Bar school: How to be a cool customer

A&E talked to bartenders in an attempt to solve the bar etiquette puzzle.

Spencer Doar

It’s a tough road selling a product whose potential side-effects are surliness, aggression and a decreased ability to communicate.

So it’s no surprise that bartenders are particularly eager, frothing like Guinness heads, when asked about the most aggravating habits of their patrons.

 

Lesson 1: Hold your horses

 

The reality of the bar is that you might have to wait a while. Just be polite: Don’t shake your drink when it’s empty like some carrot in front of a donkey, ice cubes clinking, with an aloof stare on your face.

The same goes for smacking the counter or, perhaps worse, snapping your fingers. Unless you have the Spirit of Ecstasy for a hood ornament, don’t ever snap at anybody for anything.

“Snapping, shaking your glass — that stuff used to bother me, now [I’ve realized] you’re just trying to get my attention,” Stub and Herb’s bartender Emma Collins said.

Just because Collins has come to that realization after 10 years in the industry, there’s no excuse for bar-goers in a hurry for a libation.

So what if you can’t even tell them what you want? Unless the server is clearly yukking it up with someone about nonbusiness-related topics (or checking their phone or zoning out), don’t interrupt.

“Let me finish. I know it can be busy, but I’m talking to another customer,” The Library Bar and Grill’s Kelsey Biser said.

 

Lesson 2: Pay as you go, sign of a pro

 

If you’re going to go out, shell out. Tip for every drink. All too often, younger bar-goers think it’s okay to tip every other drink. It’s a dicey practice — the next time they go up to the bar, there might be a different server who doesn’t know or care about your mighty scheme. The gratuity should be paper; a buck a drink is pretty good protocol. If it’s an elaborate ordeal with mixing and umbrellas, tip more. Even if they’re just popping the top on a tall boy, avoid solely coins — it looks tacky, even if it’s a dollar in quarters.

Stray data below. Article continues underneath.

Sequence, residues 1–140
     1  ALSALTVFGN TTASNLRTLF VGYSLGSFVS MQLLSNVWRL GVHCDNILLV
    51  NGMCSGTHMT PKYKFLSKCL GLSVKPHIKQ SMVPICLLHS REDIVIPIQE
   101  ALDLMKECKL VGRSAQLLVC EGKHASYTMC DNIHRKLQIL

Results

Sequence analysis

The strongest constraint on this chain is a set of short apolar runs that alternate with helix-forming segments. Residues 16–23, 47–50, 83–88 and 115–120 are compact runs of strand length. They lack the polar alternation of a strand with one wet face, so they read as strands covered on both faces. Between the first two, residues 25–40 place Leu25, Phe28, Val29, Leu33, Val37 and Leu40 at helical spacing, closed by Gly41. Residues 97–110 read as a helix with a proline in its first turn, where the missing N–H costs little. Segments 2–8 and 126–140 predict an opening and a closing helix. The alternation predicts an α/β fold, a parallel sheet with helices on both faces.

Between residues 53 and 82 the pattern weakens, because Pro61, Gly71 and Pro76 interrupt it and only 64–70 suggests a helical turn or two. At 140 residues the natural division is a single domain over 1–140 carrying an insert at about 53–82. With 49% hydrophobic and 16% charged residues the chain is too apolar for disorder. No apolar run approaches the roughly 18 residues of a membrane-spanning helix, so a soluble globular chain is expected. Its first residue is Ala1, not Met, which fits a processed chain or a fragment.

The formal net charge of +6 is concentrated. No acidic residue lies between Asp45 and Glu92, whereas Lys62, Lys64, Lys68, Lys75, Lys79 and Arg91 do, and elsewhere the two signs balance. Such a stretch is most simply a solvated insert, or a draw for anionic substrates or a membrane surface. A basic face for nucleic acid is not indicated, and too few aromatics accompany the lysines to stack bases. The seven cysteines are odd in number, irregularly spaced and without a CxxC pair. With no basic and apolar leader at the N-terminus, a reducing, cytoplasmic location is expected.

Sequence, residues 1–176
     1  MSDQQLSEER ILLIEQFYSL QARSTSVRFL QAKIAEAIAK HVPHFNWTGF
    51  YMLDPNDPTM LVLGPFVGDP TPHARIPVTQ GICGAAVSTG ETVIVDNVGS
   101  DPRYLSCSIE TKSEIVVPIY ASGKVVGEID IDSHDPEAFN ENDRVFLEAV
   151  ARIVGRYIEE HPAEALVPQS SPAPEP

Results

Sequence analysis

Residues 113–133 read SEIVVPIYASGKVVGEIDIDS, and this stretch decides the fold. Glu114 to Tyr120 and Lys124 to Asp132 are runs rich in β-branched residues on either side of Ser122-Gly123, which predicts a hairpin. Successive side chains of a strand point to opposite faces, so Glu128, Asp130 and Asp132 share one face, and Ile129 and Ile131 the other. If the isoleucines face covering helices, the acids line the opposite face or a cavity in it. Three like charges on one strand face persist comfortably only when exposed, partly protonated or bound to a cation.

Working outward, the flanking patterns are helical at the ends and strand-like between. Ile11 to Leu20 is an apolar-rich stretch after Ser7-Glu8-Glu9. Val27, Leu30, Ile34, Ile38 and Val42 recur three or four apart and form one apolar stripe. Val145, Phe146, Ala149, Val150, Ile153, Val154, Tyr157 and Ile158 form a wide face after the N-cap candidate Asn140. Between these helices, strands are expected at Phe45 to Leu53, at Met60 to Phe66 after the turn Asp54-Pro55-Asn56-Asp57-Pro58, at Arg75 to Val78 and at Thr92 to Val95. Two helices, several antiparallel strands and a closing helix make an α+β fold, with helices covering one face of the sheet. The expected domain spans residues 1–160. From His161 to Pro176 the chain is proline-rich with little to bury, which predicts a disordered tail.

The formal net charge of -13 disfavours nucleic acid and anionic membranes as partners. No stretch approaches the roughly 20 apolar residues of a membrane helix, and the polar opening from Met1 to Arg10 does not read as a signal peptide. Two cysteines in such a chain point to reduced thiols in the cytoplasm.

Lesson 3: Nobody likes you

 

How are you going to impress the charming bartender of your dreams? You won’t.

Go out, and you’re bound to see someone hitting on the staff, but that doesn’t mean that it is okay. Remember that being nice because it’s their job in the service industry is a lot different than wanting to go home with you after their shift.

“There’s always going to be … something happening,” Biser said. “As a server you need to be really adamant about [turning them down].”

And as a customer, you need to be really adamant about not biting the hand that feeds you (or pours your drinks).

 

Lesson 4: Group love (or hate)

 

When you are out with your cronies, know what you are going to order and how to order it.

“I hate when it’s really busy, I’m going down the line, I get to someone and they don’t know what they want,” Blarney Pub and Grill’s Emily Marshall said.

Just as bad is when people know what they want, but it’s something different for each member of a large group. This is especially poor taste when there are multiple orders for single mixed shots, like a Water Moccasin. It’s a real pain for bartenders to mix just one at a time, so maybe get a friend to do the shot with you.

Similarly, you aren’t doing a bartender any favors by letting them make one drink and then ordering another: order all at once.

 

It may sound like a trite executive management training slogan, but the key to all things at the bar is communication. Keep in mind that the customer isn’t always right.

 

Extra tips

-If you are leaving a cash tip on a card, don’t write $0.00 in the gratuity line as though gleefully not tipping.

-Don’t expect bartender friends to hook you up, and certainly don’t pester them about it. If they’re really your friend, something will probably happen in your favor anyway.

 

 

 

Training-ground bars

With more space and a younger clientele, these spots are comfortable for people who might not have decades of bar experience under their belts. Test out your etiquette in these youngster-friendly joints:

 

-Whitey’s, 400 E. Hennepin Ave., Minneapolis

-The Rail Station Bar and Grill, 3675 Minnehaha Ave., Minneapolis

-The Blue Door Pub, 1811 Selby Ave., St. Paul

 

 

Veteran bars

Other bars are tricky, with the brow set so high or low that you might not know how to act. These spots aren’t for the greenhorns, so save them for when you’re ready to be a surly regular or a black-tie big tipper:

 

-Champion’s Sports Bar and Grill, 105 W. Lake St., Minneapolis

-The Living Room and Prohibition, 821 Marquette Ave., Minneapolis

-Country Bar and Grill, 3006 S. Lyndale Ave., Minneapolis